Hospitals not only cure cancer, but care for the lives of patients after treatment

Hospitals not only cure cancer, but care for the lives of patients after treatment

“Many people don’t take photos after a cancer diagnosis because they fear changing their appearance or that those photos will be used as a funeral portrait. However, at the event held by the Integrated Support Center for Cancer Survivors at the National Cancer Center (NCC), photos of some cancer survivors were taken, which shows a little change to return to society.”


So said Jung So-youn, director of the support center, during HiPex (Hospital Innovation and Patient Experience Conference) 2022 at Myongji Hospital in Goyang, Gyeonggi Province, organized by The Korean Doctors’ Weekly, the pater brother of Korea Biomedical Review, and KPMG Korea, on Thursday.


Jung So-youn, Director of the Integrated Support Center for Cancer Survivors at the National Cancer Center (NCC), spoke about ways to help cancer survivors during HiPex (Conference on Hospital Innovation and Patient Experience) 2022 at Myongji Hospital in Goyang, Gyeonggi Province.  hosted by The Korean Doctors' Weekly, the parent sister of the Korea Biomedical Review, and KPMG Korea, on Thursday.  (Credit: The Korean Doctors Weekly)
Jung So-youn, Director of the Integrated Support Center for Cancer Survivors at the National Cancer Center (NCC), spoke about ways to help cancer survivors during HiPex (Conference on Hospital Innovation and Patient Experience) 2022 at Myongji Hospital in Goyang, Gyeonggi Province. hosted by The Korean Doctors’ Weekly, the parent sister of the Korea Biomedical Review, and KPMG Korea, on Thursday. (Credit: The Korean Doctors Weekly)


Jung stressed that hospitals should change cancer management services for survivors. Existing cancer care services focus on diagnosis and treatment, but should be expanded to help survivors return to society after treatment.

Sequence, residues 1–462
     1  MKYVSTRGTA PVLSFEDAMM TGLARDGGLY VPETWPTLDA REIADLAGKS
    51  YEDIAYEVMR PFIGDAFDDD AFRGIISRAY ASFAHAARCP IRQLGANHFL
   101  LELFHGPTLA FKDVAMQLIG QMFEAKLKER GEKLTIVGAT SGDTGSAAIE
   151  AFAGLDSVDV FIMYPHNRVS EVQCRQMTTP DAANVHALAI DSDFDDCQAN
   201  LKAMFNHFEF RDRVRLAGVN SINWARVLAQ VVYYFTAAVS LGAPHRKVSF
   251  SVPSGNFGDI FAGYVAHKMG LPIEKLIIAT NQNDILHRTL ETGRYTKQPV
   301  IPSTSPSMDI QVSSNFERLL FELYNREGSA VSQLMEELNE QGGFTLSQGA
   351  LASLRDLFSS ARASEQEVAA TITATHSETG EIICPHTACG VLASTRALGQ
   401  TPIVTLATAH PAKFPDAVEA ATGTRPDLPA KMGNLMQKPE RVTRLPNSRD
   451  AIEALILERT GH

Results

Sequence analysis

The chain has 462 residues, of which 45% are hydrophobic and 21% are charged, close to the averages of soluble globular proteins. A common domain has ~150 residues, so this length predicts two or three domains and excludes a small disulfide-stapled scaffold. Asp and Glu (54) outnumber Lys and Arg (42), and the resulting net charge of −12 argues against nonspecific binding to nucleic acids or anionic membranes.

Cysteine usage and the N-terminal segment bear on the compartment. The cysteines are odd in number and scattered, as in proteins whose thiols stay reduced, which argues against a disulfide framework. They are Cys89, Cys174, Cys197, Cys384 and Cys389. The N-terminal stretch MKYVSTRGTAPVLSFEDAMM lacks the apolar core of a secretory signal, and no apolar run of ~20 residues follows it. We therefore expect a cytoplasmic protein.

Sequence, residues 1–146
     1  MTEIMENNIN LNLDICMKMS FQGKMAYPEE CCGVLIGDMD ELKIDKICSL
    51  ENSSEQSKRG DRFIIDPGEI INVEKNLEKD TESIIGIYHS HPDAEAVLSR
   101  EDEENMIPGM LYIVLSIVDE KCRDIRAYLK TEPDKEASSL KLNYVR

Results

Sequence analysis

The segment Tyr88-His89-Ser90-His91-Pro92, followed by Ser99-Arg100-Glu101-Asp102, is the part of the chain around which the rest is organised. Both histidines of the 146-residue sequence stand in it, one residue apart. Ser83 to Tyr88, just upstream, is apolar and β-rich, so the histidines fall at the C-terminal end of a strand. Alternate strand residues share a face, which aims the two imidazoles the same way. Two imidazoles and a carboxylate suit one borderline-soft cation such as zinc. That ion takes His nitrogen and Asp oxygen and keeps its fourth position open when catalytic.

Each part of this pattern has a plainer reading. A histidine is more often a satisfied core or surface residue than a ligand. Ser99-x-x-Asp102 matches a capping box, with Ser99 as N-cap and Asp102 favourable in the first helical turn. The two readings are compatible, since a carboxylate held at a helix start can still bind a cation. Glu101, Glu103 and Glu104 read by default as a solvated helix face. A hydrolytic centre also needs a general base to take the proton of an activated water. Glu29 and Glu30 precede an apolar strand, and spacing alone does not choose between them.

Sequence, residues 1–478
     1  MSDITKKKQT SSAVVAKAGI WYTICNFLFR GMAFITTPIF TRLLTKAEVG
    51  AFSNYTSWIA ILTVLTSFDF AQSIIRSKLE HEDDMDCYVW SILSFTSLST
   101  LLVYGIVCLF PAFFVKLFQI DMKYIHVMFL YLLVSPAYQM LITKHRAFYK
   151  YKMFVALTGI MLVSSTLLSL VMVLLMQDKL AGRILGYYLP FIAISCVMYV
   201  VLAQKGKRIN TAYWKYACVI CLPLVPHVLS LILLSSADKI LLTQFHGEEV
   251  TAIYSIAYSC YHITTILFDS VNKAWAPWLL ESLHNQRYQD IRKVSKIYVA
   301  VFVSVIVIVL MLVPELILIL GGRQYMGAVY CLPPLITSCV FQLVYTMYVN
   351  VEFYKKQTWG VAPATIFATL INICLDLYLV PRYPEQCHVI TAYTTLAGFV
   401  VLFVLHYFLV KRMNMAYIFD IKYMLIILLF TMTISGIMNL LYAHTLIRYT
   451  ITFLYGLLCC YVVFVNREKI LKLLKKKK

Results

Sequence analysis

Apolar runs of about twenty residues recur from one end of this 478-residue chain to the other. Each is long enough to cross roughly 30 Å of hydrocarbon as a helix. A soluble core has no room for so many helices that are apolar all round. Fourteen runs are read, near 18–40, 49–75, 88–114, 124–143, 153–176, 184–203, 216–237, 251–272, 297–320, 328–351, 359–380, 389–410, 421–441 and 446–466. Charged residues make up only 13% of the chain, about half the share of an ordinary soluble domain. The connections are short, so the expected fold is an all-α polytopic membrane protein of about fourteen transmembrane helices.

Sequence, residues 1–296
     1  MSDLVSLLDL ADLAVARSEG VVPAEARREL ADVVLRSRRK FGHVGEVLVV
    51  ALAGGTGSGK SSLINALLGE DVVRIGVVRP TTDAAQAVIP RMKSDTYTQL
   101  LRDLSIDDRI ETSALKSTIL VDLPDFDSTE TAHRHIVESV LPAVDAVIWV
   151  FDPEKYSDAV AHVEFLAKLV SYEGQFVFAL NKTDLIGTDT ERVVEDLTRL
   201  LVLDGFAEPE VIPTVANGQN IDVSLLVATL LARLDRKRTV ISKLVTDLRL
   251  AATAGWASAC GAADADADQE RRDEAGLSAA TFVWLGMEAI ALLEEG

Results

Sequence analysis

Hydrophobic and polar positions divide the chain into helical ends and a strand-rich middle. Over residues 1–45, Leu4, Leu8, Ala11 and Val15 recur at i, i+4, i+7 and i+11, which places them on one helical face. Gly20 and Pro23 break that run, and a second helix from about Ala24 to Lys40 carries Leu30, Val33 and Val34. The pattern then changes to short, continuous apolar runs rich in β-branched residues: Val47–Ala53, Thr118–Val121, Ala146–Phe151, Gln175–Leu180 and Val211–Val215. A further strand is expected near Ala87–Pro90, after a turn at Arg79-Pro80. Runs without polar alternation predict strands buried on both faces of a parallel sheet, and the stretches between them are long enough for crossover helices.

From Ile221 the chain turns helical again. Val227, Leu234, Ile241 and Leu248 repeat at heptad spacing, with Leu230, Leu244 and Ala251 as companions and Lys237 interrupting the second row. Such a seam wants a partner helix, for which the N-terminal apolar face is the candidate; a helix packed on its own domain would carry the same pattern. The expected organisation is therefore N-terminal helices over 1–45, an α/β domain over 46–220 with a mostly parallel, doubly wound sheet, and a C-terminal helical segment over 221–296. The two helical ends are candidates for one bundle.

As the cancer survival rate increases, it becomes important to manage the sequelae in survivors for their return to society after treatment.


According to a five-year cancer survival rate survey conducted by the Ministry of Health and Welfare and the National Cancer Center, survival rates increased between 1993 and 2019. For example, the survival rate for thyroid cancer was 94.5% between 1993 and 1995. But it increased to 100% between 2015 and 2019. During the same period, the survival rate for breast cancer increased 14.4 percentage points to 93.6%.


“Cancer survivors visit an emergency room for fear of recurrence if they are in pain. If they experience (such a situation) several times, they cannot sleep and fall into a depressed mood,” Jung said. “The combination of various mental, physical and social difficulties appear after cancer treatment.”


Emphasizing that cancer must be managed with the goal of returning cancer survivors to society in a healthy way, Jung noted that medical professionals must not only treat them with accurate information, but also offer opportunities for cancer survivors to go out and enter society.


Jung then presented his experience leading cancer survivors back into society, using an event held at the Integrated Support Center for Cancer Survivors as an example.


The Ministry of Health and Welfare started a pilot project for the integrated support of cancer survivors in July 2017. In addition to NCC, the ministry selected 13 medical institutions in the country, including Gil Hospital of Gachon University and Hospital of Chungnam National University, to establish and operate the regional chapters of the support center.